To recap, we are in the design phase. We have all of our research from our analysis. We know what different about the different fidelity levels of prototyping. Now we are putting ‘pen to paper’ and trying to address the design problems we have identified. Many times people will ask ‘How did you come up with that?’ or have trouble with coming up with ideas to address design problems. In this post I am going to describe some ideation techniques that anyone can use to address design problems. (Ideation is just a fancy word for brainstorming)
Start drawing your ideas on paper no matter how far fetched they are. Draw lots of them too, don’t stop at 2 or 3. Surround yourself with these drawings and iterate, iterate, iterate.
Look at other industry solutions or try to find design problems similar to the one you are addressing no matter the industry. How did they address it? Can we leverage any patterns they used?
Take a walk
There have been many studies conducted that prove stepping away from a problem and doing some exercise helps clear your mind which ultimately will (hopefully) lead to some clearer thoughts. Or perhaps an ‘aha’ moment during your mental break.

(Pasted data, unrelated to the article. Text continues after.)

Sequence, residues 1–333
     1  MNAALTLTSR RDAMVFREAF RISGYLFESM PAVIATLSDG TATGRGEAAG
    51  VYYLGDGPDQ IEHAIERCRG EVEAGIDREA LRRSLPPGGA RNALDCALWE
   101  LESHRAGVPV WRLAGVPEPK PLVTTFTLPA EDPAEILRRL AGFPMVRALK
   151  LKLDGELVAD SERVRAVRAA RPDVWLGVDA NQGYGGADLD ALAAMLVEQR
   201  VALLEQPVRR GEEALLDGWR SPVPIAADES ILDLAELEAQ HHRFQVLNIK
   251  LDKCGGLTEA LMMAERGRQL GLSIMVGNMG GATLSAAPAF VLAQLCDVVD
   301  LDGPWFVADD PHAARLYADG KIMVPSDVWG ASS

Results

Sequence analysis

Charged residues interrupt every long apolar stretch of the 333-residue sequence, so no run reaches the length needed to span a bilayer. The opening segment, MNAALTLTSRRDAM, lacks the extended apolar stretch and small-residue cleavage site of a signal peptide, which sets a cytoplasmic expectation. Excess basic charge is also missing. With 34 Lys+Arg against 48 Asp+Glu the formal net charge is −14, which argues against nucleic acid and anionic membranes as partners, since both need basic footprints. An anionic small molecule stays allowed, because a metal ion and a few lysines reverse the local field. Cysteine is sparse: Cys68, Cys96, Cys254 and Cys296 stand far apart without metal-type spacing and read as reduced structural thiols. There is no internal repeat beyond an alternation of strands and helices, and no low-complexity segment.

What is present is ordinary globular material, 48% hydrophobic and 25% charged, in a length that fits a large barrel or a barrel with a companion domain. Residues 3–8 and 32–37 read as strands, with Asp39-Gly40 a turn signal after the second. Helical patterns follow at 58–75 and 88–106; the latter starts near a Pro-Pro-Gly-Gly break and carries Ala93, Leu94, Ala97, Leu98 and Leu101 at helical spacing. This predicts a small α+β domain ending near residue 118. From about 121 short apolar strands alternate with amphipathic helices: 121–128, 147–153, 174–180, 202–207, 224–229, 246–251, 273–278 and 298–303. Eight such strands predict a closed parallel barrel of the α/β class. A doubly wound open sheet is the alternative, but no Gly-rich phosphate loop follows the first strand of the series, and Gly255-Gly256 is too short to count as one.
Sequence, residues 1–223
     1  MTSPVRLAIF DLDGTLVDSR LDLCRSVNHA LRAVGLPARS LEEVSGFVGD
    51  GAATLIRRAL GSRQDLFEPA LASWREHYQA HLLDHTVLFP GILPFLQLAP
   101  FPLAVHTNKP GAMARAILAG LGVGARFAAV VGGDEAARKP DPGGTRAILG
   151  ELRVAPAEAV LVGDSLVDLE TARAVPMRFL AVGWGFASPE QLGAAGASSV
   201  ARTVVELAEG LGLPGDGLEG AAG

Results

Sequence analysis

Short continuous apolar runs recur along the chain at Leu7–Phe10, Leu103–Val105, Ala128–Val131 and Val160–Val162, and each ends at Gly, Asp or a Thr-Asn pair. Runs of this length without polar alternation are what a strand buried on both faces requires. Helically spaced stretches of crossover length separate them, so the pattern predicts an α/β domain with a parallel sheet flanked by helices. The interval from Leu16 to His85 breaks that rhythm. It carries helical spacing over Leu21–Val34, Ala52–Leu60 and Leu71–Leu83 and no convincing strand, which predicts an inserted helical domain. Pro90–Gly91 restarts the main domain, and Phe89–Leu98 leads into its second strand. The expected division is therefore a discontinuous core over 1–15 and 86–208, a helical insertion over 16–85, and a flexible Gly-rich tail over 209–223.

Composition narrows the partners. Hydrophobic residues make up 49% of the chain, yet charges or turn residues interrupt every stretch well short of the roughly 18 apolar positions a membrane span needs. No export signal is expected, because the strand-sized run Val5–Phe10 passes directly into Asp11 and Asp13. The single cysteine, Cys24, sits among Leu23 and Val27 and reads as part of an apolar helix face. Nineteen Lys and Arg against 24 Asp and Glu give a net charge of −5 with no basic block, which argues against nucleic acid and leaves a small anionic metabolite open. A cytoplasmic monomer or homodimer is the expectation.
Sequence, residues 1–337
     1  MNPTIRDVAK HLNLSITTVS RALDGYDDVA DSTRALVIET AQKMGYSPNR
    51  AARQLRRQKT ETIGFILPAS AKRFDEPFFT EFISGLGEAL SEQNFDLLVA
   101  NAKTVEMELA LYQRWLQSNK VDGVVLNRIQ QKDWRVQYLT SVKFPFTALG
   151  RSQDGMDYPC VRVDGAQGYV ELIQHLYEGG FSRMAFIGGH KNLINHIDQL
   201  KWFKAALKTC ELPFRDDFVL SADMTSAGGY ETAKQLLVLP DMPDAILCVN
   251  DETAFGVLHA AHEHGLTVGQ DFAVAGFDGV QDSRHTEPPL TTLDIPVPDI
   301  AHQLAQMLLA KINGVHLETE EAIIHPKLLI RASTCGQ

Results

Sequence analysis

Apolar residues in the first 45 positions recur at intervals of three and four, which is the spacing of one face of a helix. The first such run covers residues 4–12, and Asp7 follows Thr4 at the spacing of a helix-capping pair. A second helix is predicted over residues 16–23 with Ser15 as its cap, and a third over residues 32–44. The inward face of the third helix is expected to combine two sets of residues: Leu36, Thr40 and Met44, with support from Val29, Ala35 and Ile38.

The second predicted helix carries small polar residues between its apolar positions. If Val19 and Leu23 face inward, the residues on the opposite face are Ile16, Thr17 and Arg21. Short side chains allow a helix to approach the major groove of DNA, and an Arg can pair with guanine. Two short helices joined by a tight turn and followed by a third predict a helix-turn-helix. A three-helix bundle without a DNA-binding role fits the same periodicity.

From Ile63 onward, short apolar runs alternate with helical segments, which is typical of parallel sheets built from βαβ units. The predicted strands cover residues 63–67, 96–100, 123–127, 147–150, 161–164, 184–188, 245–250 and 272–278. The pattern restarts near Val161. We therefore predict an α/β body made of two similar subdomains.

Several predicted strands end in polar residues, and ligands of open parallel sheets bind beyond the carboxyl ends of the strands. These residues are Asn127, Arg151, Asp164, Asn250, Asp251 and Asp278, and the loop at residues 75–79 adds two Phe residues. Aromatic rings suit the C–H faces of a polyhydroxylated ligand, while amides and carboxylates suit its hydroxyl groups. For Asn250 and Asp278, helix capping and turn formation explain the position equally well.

While this might seem counter-productive at first it is rather helpful. Come up with the worst possible solution then determine why its so bad and start iterating on it. These technique works especially well in group design sessions where people have a tough time making a decision. Next time you go out to lunch with a group who has a tough time making a decision on where to go offer a suggestion of McDonalds and see what happens; magically those who can not make a decision will have some alternatives.
Problem Space Mapping
This technique involves categorizing ideas across 2+ plane space. Lets look an designing a solution for insurance agents. We could map the problem space on a 2-d plane. We can on each axis put a single category/type/attribute, for instance the x-axis might represent a more sales orientated approach while the y-axis might an agent focused approach. We can map our ideas on this 2-d plane along the x and y axis based off of the characteristics then we can visually see what part of the idea space we have not explored. Even though some spaces might not seem fruitful at first the change in direction can often be helpful and lead to new inspiration.
There are lots of wonderful UI pattern library resources available for free (http://ui-patterns.com/ , http://patterntap.com/ , http://inspired-ui.com/ , http://developer.yahoo.com/ypatterns/) . Many times just going to these sites and exploring common patterns will lead you to sites you would have never visited before. Exploring these sites often provide inspiration which can lead to new solutions for your design problems.
There are many more techniques one could use other than the ones I mentioned (here is a great paper on 12 different techniques), no matter which technique or combination of techniques you use iteration is the key. Iterate on each of your designs several times.
Feel free to comment on techniques that you have used which worked for you.
Stay tuned for Part 5… usability testing